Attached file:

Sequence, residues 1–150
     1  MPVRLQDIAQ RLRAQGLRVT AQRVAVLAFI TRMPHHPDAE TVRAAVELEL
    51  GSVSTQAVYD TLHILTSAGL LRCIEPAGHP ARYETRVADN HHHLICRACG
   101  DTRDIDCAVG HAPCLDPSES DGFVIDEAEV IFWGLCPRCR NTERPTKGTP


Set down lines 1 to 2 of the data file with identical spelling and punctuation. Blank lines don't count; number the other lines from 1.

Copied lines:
Sequence, residues 1–150
     1  MPVRLQDIAQ RLRAQGLRVT AQRVAVLAFI TRMPHHPDAE TVRAAVELEL